A caravan filled with thousands of migrants from Central and South America has arrived at the southern border of the United States. Most are said to be asylum seekers. President Trump has ordered thousands of troops to travel to the region to secure the border and assist border patrol agents. Commentator William Jennings Bryan Oleander says many words were written and spoken on the trailer, but not all of them ring true.
Comment from Williams Jennings Bryan Oleander, also known as Tom avill, professor emeritus of English at Washburn University. Tom is the author of 10 books, most recently the novel Documents found from the life of Nell Johnson Doerr.
Guys, I loved puns. Not so much.
When I was little, we used to play the “phone” board game. We were sitting in a circle and someone was whispering in his neighbor’s ear, something like, âThe rat ate cheese and sneezed. The neighbor would repeat it to the next person, and so on. When the whisper came full circle, the last person would stand up and say something like, “My hat liked the big cheese, so damn it, forgive me.” We laughed and started over.
Perhaps we liked the âphoneâ because of our experiences with party lines. Someone on the shared line was listening, and soon Fred Peet’s lament that one of his cows had a hoof problem turned into a fit: his whole herd was on the verge of death from foot-and-mouth disease. Such was the gossip, exaggeration, misinformation, distortion, even hysteria.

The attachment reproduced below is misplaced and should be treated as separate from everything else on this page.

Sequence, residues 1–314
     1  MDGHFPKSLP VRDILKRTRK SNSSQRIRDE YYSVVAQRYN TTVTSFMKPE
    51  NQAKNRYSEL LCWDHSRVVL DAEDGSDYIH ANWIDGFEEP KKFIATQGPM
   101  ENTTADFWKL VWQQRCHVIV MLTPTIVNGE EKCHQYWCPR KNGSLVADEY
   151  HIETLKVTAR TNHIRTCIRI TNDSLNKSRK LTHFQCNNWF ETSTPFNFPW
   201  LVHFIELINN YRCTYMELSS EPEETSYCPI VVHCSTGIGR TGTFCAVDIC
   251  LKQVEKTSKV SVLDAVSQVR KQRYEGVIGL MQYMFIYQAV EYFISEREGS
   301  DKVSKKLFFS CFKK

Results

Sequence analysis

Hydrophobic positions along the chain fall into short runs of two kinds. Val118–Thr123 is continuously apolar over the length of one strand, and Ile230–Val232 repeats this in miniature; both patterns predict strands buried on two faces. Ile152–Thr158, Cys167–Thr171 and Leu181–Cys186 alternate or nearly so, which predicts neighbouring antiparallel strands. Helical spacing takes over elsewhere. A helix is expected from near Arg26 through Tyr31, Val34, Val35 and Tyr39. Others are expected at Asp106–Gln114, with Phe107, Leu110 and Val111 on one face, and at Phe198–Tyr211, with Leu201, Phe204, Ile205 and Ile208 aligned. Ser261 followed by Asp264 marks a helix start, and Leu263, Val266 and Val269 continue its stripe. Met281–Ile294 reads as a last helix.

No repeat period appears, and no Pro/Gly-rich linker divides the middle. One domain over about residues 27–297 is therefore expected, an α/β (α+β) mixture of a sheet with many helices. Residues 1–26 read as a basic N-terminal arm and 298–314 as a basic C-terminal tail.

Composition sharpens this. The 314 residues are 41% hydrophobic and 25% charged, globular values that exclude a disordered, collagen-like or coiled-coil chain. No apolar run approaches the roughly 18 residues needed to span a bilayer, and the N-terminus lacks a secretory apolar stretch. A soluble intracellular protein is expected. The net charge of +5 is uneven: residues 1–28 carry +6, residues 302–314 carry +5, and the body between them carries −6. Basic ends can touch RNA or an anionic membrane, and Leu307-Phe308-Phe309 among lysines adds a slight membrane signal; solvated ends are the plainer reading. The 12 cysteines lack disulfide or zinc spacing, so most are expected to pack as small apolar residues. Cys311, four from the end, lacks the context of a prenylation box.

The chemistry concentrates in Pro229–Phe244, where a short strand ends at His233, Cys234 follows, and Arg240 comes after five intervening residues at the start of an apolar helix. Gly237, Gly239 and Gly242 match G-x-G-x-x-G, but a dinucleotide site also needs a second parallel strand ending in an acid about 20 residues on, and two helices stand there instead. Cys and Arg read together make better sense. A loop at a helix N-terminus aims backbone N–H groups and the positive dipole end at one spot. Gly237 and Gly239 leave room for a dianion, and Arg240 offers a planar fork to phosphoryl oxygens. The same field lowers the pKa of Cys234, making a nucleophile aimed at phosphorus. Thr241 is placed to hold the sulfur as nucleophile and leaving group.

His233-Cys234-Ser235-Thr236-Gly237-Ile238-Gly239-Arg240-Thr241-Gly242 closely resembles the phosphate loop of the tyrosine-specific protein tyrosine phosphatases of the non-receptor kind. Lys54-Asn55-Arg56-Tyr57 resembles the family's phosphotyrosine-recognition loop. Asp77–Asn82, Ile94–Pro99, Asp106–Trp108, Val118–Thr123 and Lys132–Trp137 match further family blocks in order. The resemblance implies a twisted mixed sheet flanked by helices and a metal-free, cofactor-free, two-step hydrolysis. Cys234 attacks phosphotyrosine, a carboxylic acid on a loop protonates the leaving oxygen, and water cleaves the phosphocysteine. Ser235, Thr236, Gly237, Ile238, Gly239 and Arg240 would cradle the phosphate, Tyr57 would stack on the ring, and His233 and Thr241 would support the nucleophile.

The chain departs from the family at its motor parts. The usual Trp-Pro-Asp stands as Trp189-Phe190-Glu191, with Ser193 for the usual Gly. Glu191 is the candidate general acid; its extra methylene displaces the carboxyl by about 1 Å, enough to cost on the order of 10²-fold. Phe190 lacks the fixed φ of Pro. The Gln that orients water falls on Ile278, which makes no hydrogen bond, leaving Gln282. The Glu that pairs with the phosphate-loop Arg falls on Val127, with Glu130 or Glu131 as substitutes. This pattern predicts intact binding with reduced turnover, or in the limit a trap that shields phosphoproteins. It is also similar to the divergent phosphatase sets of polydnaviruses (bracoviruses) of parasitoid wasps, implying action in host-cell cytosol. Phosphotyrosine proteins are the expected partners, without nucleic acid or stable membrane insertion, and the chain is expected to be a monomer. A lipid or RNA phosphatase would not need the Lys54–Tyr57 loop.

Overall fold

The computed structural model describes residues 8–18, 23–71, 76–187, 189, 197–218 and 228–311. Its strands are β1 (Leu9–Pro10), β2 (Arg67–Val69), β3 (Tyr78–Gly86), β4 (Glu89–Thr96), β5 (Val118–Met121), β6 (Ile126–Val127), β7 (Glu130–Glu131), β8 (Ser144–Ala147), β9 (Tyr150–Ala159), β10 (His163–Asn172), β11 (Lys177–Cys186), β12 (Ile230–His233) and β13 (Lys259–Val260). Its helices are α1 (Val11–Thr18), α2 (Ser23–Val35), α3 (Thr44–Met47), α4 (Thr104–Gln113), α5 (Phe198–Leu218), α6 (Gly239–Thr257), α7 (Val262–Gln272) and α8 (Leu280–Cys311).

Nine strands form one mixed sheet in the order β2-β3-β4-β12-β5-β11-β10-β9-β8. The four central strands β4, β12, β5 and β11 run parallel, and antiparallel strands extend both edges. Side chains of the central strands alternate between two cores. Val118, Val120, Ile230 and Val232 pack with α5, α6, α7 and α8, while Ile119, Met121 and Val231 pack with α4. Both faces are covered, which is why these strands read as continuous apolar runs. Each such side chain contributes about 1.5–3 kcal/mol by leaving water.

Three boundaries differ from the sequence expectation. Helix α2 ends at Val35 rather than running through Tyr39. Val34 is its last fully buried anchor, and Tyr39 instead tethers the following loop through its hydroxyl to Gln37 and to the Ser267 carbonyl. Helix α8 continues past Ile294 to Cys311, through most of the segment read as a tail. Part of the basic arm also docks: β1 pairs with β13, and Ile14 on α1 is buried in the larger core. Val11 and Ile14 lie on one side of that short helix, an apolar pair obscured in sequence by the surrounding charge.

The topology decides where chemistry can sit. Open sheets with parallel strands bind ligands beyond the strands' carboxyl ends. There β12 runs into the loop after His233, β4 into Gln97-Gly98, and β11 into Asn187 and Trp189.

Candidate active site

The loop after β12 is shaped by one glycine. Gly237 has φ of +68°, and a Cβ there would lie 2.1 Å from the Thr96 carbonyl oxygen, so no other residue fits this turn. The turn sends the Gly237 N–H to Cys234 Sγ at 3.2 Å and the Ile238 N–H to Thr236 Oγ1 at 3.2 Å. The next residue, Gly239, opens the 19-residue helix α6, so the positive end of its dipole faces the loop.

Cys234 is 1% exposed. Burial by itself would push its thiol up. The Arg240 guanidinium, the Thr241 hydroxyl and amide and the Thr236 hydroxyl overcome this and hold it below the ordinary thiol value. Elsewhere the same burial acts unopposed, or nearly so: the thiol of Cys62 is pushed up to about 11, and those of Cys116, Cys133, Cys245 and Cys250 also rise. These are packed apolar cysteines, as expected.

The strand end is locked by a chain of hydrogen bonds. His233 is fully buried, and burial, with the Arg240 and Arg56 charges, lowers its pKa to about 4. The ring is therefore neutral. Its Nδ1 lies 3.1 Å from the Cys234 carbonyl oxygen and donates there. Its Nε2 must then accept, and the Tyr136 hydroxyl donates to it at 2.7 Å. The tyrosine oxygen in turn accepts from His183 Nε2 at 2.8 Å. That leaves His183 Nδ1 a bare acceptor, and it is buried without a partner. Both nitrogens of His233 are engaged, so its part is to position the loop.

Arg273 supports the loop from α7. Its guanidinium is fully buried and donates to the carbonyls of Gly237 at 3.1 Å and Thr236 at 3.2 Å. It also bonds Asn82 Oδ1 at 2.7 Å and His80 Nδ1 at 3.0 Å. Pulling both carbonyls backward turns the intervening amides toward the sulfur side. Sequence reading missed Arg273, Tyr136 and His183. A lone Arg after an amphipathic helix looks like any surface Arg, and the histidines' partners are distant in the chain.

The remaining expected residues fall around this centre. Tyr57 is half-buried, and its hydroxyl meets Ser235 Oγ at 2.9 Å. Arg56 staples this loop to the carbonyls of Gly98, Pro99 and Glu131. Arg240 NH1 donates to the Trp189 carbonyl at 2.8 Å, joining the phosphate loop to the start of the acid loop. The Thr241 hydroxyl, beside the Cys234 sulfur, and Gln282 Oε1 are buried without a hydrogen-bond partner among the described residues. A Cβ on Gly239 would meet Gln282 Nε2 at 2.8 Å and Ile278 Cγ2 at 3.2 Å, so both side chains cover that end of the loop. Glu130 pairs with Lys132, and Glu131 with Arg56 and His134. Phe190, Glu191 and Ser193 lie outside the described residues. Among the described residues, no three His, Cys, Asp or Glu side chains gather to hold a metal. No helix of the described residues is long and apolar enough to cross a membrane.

It was then.
Now, in our current political climate, we don’t start with the rat and the cheese, or the hoof of the cow, to go to a wild place. We start with this savage distortion and hysteria, misinformation and lies, and we have the reverse game to play: we have to get back to the honest source, to the basic facts. We play on the phone, only backwards.
Take the trailer that poses such a threat to our borders that we must interrupt the lives of Kansas soldiers to help secure our nation from an angry mob of terrorists, rapists, criminals, Middle Easterners, all funded by the Democrats and all infected with diseases like smallpox, all determined to enter our country illegally.
Why, if someone in Here, Kansas, Co-op would stand up at the end of the “phone” and throw such rhetoric, we would laugh out loud and ask the first person who whispered to tell us the point of departure. That person might say, âA group of 5,000 people are marching towards the United States, seeking asylum.
Sadly, the âphoneâ game now starts with distortions and lies, and then moves rhetoric back to truth and fact. And even when the truth is revealed, many do not hear it. Instead, many of us stick to the âparty lineâ. And by that, I don’t mean that we are listening. No, we don’t really listen at all.
When I was young, we engaged in another exercise in rhetoric. Sometimes, in the middle of an intense conversation, someone would say, âHow did we get to this point in the conversation? And we would find our way back.
Friends, I would like us to play this game. Let us ask ourselves how we got to a place in our political discourse where words seem to have so little meaning, where belief is not based on facts and truth, but about prejudice and partisanship, where the truths that we take for granted are not in evidence.
Friends, I want to trust words, and I want word games to be fun again. I want to move forward, not back down.